Business and technology grow hand in hand. Companies that don’t leverage technology for the good of their customers or employees don’t often last. Today, Airlines are facing a mountain of problems, and one of them is in implementing technological advancements in their business. Emerging technologies, including artificial intelligence, are reshaping the aviation industry.
Artificial intelligence (AI), among the emerging technologies, is still at an initial stage in the aviation business. To date, we can see AI being implemented by airlines for facial recognition, customer Q&A, baggage check-in, factory operation optimization, and aircraft fuel optimization. But, AI has much more potential then these use cases. It can completely revolutionize the way airlines do business. Below are some of those use cases.
, among the emerging technologies, is still at an initial stage in the aviation business. To date, we can see AI being implemented by airlines for facial recognition, customer Q&A, baggage check-in, factory operation optimization, and aircraft fuel optimization. But, AI has much more potential then these use cases. It can completely revolutionize the way airlines do business. Below are some of those use cases.
#1 Crew Management
Everyday airline crew managers have to manage complex networks of people, including flight attendants, pilots, and engineers. Rescheduling any of the crew members can be cumbersome. Multiple factors affect the decision of a manager, such as availability, credibility, certifications, and qualifications of the crew member.
Jeppensen, a Boing company, has solved this problem using AI. Their AI-based crew rostering system considers all the aspects mentioned above and manages crew members efficiently.
#2 Flight Maintenance
Aircraft maintenance is a tough task, and if done incorrectly, it can cost a fortune to the airlines. It requires extensive planning and scheduling. Unplanned aircraft maintenance can result in flight delays or even cancellation. Experts predict that AI, if implemented correctly, can save millions of dollars.
AI-based predictive maintenance is slowly becoming a trend in the global aircraft maintenance market. It will help the maintenance engineers to predict failures before they actually happen. Delta is planning to reduce its number of flight cancellations via AI-based predictive maintenance. According to IBM Watson’s TV commercial, AI will also guide the on-field repairing staff and tell them their action items.
#3 Ticketing Systems
Air ticket prices are calculated based on multiple parameters such as oil prices, flight distance, purchase date, competition, seasonality, the brand value of the airline, and more. Some parameters change daily, such as oil prices, which leads to a continuous change in the ticket price.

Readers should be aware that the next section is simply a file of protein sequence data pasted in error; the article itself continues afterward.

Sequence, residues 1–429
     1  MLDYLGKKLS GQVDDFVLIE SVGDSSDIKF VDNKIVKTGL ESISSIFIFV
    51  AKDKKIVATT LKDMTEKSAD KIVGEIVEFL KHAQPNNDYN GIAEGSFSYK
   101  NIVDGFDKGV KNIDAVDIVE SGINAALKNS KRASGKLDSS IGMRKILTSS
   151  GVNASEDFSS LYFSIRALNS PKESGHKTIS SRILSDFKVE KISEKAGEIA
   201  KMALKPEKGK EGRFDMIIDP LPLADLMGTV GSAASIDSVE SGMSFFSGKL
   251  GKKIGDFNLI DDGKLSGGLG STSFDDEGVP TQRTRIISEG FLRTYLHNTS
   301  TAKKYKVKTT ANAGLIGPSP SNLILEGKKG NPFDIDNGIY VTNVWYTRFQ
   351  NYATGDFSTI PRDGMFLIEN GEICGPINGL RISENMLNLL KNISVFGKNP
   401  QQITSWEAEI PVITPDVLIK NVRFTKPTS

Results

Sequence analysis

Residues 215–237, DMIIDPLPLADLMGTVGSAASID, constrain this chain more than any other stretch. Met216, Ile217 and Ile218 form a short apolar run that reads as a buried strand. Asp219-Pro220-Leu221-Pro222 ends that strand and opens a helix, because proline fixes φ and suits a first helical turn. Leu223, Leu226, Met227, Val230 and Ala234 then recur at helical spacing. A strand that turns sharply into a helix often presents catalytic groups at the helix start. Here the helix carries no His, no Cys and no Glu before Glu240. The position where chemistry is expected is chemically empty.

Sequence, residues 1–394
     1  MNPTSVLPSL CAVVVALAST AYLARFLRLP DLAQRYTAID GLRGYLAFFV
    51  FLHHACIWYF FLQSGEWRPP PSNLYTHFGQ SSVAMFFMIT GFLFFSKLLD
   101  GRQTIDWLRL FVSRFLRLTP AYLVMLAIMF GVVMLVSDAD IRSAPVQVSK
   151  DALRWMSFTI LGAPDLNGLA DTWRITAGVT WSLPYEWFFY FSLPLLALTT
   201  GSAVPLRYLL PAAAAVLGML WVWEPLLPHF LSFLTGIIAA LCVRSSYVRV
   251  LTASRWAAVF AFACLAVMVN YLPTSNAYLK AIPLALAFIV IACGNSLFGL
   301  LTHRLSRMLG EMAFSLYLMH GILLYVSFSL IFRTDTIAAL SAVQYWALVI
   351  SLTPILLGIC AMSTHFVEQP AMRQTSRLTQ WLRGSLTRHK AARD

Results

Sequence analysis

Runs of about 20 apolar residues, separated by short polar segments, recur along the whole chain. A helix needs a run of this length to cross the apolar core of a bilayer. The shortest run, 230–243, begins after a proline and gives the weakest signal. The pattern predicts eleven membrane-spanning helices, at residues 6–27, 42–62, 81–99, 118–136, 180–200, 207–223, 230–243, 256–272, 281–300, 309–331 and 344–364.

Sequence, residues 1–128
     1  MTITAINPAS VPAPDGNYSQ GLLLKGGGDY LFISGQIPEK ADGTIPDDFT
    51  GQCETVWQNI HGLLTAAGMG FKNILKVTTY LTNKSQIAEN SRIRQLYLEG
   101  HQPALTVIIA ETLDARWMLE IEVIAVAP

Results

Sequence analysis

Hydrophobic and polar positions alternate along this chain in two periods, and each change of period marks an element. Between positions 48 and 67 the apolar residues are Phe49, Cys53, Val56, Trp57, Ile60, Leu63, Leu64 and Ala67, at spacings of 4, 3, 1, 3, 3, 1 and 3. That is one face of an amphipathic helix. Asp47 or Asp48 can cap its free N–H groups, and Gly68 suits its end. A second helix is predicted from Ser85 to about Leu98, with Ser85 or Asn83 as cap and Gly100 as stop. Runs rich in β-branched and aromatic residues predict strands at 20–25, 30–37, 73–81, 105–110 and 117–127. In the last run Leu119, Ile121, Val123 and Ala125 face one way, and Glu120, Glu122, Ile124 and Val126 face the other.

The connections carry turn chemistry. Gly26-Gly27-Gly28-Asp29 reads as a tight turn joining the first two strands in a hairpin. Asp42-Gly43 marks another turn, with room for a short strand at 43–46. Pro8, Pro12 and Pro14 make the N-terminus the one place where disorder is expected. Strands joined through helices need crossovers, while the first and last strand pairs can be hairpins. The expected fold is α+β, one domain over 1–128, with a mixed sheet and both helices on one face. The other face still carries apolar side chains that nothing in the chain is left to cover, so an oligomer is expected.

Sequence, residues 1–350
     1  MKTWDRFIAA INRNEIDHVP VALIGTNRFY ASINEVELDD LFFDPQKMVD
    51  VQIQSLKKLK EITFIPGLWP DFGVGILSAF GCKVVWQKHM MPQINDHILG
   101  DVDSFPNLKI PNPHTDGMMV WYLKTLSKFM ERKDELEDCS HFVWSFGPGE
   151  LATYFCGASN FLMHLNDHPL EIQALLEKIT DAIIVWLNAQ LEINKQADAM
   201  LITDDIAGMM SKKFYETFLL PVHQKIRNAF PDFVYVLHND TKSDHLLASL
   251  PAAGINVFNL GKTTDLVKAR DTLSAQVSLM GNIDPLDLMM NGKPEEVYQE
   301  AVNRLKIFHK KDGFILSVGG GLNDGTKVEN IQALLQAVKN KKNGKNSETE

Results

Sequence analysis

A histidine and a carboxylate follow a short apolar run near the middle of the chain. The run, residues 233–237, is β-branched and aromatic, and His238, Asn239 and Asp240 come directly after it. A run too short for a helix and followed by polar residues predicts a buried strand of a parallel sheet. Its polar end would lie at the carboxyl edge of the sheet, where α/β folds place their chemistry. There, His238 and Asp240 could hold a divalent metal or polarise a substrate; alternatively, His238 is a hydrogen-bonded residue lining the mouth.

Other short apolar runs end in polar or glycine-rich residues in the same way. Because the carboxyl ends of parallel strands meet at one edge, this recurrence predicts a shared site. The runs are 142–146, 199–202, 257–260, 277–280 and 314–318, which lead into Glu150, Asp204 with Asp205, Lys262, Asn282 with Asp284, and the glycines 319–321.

The AI algorithm is the ultimate solution to this problem. It will help airlines to calculate the most efficient prices for every flight, which will help them remain profitable and provide competitive pricing to their customers.
#4 Passenger Identification
Delta Airlines announced on May 2017, they’re going to invest $600,000 to build self-service bag drop machines and kiosks for passenger identification. The kiosk will have a built-in camera that will take photos of customers at the time of check-in and match it with their passport. Both the face recognition and self-service baggage drop-off will leverage machine learning algorithms to perform their tasks.
#5 Customer Service
United Airlines announced its collaboration with Amazon’s AI, Alexa, in September 2017. They built a skill for Alexa named “United.” Once the customers add the United skill, they can ask any common question through voice commands, such as,
- “Alexa, ask United the status of flight 595.”
- “Alexa, ask United to check me in for my flight.”
- “Alexa, ask United if flight 675 has WiFi.”
Alexa’s natural language makes customers feel as if they are talking to a human sales rep.
#6 Simplify Communication
Air traffic control (ATC) is one of the most crucial aspects of all flights. In the case of international flights, the communication between a pilot and an air traffic controller is usually cross-lingual and cross-cultural. Even though both of them use English for communication, their accent might be different, which can create confusion. For example, it can be difficult for an Indian pilot to understand the heavily accented English of a European controller. Moreover, the communication channels of ATCs are noisy, which makes it more difficult for the pilot to follow.
Thanks to Airbus’s AI-Gym program, they have been able to develop a machine learning algorithm that would not only clear the noise in real-time but also provide a full transcript of the controller’s audio.
The trend has just begun. As the aviation industry continues to adopt emergencing technology like artificial intelligence, they will receive enormous benefits in revenue management, predictive maintenance, flight scheduling, and more. Ultimately, all these benefits will result in one thing, which is at the core of every airline’s business: a better customer experience.
Written by Sagar Sharma, CTO at Credencys.